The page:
Field Notes: Amazon Undertaking Part III

If you think stepping out of your comfort zone is camping at San Elijo or San Onofre State Beach, try the Amazon. Mariko’s thin Japanese-Hawaiian ankles have become swollen kankles with bug bites covering the entire bottom portion of her legs. Mine aren’t much different, despite the fact that we covered ourselves with 98 percent DEET. Chase counted the bites on my upper right arm alone: 53.

Mosquitoes: 100. Team Amazon: zero.

After getting up at 4 a.m. yesterday (not by choice) to see wild macaws (they were awesome), we took a seven-hour boat ride from the Tambopata River up to the Tavara river with a few Class I and II rapids.

Antsy as hell and sleep deprived, we pumped up the iSups and took a few runs on one of the rapids that kept us from going further south. Mariko found a mini standup wave and put on a show for our entire crew.

Mariko is a natural athlete. She hasn’t been SUPing long and ended up winning both events she entered last spring at the Teva Mountain Games.

When the sun started setting, our boat crew and guides helped set up camp on the side of the river, and then we quickly got caught in a classic Amazonian rainstorm.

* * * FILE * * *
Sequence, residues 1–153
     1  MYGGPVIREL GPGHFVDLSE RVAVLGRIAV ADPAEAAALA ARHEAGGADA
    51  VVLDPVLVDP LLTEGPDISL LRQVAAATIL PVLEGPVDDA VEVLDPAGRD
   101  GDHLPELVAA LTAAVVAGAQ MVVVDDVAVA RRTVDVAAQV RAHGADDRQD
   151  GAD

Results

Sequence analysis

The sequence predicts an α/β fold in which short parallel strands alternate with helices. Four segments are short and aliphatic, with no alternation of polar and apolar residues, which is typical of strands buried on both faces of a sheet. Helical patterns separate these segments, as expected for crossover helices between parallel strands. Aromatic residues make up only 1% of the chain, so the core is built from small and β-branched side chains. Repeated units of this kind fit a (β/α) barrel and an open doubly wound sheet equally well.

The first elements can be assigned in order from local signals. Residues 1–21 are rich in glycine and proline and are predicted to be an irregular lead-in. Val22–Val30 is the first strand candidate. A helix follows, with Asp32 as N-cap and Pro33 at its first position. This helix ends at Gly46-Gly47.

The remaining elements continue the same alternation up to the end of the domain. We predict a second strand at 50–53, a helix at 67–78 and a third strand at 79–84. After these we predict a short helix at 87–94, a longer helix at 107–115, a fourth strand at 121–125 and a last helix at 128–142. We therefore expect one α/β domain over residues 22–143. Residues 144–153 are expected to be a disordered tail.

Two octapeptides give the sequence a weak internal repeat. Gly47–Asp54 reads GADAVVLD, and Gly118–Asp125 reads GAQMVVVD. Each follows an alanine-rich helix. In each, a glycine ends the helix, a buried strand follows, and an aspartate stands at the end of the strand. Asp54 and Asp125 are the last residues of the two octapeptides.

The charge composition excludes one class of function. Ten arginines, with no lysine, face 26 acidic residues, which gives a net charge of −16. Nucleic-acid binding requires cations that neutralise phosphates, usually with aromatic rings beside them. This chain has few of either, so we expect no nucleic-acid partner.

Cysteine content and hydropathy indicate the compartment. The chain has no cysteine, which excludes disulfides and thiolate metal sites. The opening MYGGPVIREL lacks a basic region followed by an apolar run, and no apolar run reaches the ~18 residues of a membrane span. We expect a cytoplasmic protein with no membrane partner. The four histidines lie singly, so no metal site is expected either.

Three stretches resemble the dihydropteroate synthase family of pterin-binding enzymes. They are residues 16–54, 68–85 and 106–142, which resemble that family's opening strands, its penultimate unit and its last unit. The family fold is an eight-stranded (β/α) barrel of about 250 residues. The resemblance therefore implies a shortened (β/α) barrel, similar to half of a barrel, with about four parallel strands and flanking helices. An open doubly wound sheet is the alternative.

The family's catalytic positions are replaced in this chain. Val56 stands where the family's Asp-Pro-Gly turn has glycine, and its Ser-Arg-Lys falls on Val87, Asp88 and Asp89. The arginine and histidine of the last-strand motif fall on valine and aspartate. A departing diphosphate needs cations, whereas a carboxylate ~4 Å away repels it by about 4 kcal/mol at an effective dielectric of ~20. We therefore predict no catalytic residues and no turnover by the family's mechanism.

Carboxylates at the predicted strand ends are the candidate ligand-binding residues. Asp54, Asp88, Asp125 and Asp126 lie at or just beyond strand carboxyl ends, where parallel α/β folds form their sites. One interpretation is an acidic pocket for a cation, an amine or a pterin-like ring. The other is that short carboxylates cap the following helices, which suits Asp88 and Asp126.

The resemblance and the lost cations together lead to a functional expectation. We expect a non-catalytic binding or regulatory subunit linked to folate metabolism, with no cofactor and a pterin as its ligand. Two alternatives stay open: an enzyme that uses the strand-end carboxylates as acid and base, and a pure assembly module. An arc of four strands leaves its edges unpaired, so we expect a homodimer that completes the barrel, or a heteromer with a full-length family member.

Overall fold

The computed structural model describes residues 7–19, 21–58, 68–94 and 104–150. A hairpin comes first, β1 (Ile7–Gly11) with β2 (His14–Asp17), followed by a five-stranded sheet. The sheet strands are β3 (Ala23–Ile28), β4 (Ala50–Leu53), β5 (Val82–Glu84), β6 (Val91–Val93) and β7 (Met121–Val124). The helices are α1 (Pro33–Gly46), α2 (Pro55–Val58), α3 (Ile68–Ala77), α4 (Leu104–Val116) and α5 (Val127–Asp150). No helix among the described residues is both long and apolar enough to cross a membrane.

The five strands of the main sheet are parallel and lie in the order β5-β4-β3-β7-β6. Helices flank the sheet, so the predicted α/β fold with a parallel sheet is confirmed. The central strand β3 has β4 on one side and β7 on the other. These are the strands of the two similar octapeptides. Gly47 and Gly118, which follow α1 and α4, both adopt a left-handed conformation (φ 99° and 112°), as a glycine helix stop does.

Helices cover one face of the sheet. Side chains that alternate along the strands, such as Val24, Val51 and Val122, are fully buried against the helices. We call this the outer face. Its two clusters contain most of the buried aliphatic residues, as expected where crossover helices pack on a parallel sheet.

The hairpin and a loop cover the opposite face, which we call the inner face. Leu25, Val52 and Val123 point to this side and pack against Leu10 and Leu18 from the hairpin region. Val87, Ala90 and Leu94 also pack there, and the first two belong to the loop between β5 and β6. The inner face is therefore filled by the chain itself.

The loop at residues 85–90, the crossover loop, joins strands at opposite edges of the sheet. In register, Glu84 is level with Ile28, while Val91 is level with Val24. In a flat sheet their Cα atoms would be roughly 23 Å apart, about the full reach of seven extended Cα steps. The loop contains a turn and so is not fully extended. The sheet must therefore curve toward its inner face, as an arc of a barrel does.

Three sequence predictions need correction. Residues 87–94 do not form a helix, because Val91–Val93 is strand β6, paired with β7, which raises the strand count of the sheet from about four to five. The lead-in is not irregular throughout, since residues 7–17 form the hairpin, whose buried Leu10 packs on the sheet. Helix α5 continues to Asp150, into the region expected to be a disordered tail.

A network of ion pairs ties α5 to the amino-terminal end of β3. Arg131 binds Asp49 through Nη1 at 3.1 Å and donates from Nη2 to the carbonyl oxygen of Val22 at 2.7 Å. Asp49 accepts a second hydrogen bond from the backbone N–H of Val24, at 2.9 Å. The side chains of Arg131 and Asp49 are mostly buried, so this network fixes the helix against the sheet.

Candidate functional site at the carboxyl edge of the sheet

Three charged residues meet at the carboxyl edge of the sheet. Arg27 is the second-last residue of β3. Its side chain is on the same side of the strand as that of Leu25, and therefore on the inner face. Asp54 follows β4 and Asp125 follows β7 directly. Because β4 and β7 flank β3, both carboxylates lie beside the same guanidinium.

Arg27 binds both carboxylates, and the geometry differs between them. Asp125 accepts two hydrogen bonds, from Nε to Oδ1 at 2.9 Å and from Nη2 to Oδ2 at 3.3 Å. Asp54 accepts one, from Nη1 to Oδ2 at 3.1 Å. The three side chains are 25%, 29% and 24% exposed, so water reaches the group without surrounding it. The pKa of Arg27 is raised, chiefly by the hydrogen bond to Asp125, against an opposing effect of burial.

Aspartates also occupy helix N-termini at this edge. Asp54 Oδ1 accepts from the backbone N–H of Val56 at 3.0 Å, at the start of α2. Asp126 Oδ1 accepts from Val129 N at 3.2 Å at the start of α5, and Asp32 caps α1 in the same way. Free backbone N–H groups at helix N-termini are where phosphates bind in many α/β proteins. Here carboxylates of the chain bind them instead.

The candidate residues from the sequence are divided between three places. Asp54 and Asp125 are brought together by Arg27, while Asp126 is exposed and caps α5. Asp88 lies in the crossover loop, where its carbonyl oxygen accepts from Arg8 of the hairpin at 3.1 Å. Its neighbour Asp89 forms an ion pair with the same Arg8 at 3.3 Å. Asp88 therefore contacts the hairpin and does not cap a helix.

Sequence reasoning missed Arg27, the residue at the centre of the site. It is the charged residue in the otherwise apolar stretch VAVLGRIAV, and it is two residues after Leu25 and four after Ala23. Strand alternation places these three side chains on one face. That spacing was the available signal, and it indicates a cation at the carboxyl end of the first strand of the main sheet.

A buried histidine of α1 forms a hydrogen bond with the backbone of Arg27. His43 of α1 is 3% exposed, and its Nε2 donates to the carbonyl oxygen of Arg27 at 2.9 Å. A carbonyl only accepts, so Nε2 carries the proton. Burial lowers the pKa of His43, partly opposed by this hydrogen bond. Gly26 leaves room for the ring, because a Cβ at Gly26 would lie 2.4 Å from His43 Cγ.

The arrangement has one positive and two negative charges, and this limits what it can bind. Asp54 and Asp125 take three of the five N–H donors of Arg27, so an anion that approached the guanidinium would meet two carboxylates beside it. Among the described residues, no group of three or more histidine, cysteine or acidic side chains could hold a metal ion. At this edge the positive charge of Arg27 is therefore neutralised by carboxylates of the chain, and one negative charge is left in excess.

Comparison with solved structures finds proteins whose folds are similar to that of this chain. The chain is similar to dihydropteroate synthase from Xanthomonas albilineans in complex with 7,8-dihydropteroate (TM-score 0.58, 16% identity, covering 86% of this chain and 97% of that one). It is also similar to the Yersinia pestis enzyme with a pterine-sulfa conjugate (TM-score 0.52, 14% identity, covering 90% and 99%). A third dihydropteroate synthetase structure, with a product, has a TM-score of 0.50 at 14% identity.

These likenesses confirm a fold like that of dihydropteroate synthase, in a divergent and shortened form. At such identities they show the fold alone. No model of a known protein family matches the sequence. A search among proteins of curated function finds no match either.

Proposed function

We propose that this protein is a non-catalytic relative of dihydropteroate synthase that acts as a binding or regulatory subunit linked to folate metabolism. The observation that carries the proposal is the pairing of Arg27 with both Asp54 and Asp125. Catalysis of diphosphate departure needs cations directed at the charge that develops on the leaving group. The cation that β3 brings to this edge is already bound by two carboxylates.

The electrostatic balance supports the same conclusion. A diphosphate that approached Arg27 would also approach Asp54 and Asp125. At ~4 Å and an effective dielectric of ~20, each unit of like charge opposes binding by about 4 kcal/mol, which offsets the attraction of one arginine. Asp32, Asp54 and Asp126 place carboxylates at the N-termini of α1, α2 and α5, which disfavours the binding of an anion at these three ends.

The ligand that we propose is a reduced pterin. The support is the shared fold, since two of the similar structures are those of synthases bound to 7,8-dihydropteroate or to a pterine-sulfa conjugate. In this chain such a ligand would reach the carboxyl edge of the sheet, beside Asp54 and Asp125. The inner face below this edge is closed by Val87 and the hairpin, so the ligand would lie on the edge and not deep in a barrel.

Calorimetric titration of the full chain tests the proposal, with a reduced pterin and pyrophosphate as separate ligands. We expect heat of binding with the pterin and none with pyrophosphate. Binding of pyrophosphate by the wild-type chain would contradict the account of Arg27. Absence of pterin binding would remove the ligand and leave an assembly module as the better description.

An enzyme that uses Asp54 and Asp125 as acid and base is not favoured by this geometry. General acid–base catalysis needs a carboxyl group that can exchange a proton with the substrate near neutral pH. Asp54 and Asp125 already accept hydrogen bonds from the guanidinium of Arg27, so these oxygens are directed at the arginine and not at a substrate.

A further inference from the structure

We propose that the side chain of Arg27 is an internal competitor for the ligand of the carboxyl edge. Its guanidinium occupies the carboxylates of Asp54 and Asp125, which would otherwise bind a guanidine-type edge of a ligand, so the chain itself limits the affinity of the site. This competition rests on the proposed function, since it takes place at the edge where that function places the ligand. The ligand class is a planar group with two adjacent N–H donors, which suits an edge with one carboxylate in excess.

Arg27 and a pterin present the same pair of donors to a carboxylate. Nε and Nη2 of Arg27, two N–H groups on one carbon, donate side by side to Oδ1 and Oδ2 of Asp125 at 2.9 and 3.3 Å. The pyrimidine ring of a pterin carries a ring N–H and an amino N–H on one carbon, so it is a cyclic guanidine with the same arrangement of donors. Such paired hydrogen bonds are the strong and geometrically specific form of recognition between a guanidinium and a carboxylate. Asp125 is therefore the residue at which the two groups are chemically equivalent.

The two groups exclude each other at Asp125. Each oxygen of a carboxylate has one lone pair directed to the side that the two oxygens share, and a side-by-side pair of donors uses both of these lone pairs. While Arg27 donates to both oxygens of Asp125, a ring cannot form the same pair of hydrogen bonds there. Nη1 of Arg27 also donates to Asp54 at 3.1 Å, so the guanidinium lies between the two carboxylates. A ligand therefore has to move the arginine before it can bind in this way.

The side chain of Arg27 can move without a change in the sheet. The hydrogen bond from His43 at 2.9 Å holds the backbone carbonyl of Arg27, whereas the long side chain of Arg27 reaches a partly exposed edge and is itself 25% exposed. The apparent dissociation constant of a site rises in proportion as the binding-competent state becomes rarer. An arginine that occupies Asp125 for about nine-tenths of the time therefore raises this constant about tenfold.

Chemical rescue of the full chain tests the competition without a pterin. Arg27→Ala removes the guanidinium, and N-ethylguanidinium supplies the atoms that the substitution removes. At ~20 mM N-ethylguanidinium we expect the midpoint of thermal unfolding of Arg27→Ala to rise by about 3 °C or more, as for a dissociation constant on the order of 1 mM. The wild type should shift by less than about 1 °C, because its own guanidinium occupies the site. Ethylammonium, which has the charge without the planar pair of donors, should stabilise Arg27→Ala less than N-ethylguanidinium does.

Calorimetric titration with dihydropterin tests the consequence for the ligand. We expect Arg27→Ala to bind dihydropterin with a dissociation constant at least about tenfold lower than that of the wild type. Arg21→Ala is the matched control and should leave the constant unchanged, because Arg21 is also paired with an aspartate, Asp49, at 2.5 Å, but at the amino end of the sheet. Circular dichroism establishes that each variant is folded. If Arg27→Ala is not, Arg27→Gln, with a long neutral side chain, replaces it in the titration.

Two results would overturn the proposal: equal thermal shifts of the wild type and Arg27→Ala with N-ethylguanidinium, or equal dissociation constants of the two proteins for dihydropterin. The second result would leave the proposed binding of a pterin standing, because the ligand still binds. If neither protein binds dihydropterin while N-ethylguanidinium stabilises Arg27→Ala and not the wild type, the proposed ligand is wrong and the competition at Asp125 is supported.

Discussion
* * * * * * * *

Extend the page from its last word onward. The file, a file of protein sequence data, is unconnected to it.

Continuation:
Being wimpy Americans, we took shelter in one of the boats and plugged in Chase’s Goal Zero solar panels and watched three episodes of Modern Family on my iPad. By 10 p.m., when the rain slowed, we finally got into our bug-infested tents, covered with DEET and slept as peacefully as one can in the jungle.

This morning, we finally got to paddle some distance. The Amazon is insane! A caiman (a mini crocodile) chased our photographer and so we got to see just how fast he could run. We paddled about 45 to 50 kilometers today in an area we don’t know if anyone has really paddled before.

Our guides and the boatmen from Rainforest Expeditions are hooked on standup paddling now. They think they’ll be able to use the sport much more than for recreation, but for research purposes, especially with the Macaws.

We have two more days of actual paddling, including one trip where we’ll meet with a local medicine man. So far, we’ve seen zero traces of humans, but a ton of wild macaw, a turkey vulture-looking bird that tried to take a bite out of my booty when I went to the bathroom, and dozens of other rare birds.

We paddled seven-and-a-half hours north back to the lodge today just because none of us could bear to camp again. It’s been an adventure just to get here, but paddling in the jungle is something we will never forget.

Photos by Chase Olivieri

Click here  for part IV and  here for part two.